A year after his Un Certain Regard Jury Prize win at the 69th Cannes Film Festival, director Koji Fukada’s latest feature Harmonium gets a theatrical run at Film Society of Lincoln Center. A welcome addition to the incredibly limited roster of Japanese filmmakers that get U.S. theatrical distribution, Fukada joins of the ranks of established auteurs like Kiyoshi Kurosawa and Hirokazu Koreeda, both of whom had new films run in NYC within the past year.
Described by the filmmaker as a companion piece to his 2010 satirical comedy Hospitalité, both films center around the psycho-social negotiations of a nuclear family (“an absurdity” according to Fukada) dealing with guests and intruders. Harmonium is the much darker, tragic side of the coin—an unsettling domestic thriller that methodically plays out the bleakest conceivable nightmares for a seemingly ordinary Japanese family negotiating their individual secret guilt and repressed desires.
We are introduced to Toshio (Fukada regular Kanji Furutachi) and his devout wife Akie (Mariko Tsutsui) living a rather humdrum life with their adorable and inquisitive daughter Hotaru (Momone Shinokawa). While working out of his garage, Toshio is unexpectedly visited by Yasaka (Tadanobu Asano), a former friend just released from prison who appears like an apparition in a starched white shirt and a blank expression. Yasaka is immediately offered a room and a job with Toshio, to the curiosity of Akie, who shows initial misgivings but is quickly drawn in by the polite, odd mystery man when she witnesses him teaching Hotaru a song on the harmonium. As Yasaka is gradually made into a part of the family, Akie’s curiosity develops into something much more involved—something which, without giving too much away, eventually leads to a shocking trauma.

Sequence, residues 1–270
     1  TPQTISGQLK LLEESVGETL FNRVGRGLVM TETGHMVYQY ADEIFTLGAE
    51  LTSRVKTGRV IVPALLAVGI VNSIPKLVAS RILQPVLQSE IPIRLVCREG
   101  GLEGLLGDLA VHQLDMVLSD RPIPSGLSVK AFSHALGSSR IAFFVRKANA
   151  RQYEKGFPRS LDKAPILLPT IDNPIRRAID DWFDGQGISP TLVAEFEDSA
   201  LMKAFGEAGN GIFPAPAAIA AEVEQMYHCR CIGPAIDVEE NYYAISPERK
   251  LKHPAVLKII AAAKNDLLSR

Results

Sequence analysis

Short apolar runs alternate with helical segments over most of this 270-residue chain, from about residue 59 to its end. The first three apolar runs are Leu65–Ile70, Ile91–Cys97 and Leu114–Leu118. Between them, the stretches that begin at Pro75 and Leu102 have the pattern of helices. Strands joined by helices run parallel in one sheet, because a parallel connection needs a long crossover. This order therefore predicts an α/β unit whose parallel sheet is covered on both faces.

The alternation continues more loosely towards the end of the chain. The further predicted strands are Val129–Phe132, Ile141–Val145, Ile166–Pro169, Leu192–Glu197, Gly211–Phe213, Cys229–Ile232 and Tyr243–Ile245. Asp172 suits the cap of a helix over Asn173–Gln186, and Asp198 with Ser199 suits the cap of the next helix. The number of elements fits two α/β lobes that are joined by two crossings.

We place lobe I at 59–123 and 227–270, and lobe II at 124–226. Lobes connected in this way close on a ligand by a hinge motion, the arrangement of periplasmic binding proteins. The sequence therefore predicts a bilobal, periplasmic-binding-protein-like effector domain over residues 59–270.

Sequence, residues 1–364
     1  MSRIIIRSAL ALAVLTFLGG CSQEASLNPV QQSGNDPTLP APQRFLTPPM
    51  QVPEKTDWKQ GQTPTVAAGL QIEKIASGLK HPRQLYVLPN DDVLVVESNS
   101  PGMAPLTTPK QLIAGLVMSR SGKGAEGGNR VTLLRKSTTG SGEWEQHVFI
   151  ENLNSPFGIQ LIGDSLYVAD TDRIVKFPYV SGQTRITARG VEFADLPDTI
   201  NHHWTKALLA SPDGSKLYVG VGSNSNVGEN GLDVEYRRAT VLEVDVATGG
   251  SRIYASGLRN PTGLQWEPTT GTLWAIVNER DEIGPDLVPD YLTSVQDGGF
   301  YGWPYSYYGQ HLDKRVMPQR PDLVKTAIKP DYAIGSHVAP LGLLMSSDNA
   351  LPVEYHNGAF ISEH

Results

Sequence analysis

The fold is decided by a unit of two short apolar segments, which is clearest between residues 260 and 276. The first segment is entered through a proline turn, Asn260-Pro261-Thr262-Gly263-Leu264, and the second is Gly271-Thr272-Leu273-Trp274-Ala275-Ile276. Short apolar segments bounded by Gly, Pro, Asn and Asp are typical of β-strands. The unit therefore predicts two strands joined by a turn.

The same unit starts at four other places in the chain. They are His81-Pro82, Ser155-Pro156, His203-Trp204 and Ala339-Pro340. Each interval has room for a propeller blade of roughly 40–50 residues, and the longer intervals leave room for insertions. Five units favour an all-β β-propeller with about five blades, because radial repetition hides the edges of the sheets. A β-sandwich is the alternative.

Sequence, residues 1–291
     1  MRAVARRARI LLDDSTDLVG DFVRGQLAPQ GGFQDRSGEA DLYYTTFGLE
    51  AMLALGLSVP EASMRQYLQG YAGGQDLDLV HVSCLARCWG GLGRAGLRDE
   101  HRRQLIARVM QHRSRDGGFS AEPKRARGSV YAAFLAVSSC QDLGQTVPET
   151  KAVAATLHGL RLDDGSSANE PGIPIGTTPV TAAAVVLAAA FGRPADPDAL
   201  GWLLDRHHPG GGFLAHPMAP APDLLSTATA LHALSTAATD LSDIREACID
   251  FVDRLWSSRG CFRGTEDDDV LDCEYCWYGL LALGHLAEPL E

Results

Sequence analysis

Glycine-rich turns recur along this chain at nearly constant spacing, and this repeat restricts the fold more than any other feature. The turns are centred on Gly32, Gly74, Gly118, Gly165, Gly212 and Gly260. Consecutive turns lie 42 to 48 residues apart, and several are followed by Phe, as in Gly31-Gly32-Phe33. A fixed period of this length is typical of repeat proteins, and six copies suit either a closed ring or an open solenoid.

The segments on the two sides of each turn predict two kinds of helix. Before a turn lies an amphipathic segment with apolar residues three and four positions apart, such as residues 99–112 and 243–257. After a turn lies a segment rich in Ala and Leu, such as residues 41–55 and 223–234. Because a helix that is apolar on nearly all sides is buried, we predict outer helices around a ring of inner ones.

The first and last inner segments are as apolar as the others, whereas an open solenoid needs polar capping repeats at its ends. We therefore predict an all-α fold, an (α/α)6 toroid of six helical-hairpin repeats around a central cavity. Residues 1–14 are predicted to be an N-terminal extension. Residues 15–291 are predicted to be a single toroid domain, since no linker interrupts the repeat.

The second half of the film, jumping forward eight years later, finds Toshio and Akie living under the shadow of their actions, tortured by their secrets and its consequences. Meanwhile, Yasaka exists on the periphery, haunting both of them to the point of becoming a mythological being. It’s here that Fukada takes some of his bolder, more unexpected narrative choices, exploring the obsessive madness left in Yasaka’s wake and approaching something like psychological horror. Among the film’s excellent performances, Mariko Tsutsui deserves extra praise—burdened with the task of playing a woman who physically and mentally unravels over time, she consistently manages to humanize Akie’s fractured interiority and erratic behavior, even when she decides to take the film to it’s horrifying, irreversible conclusion.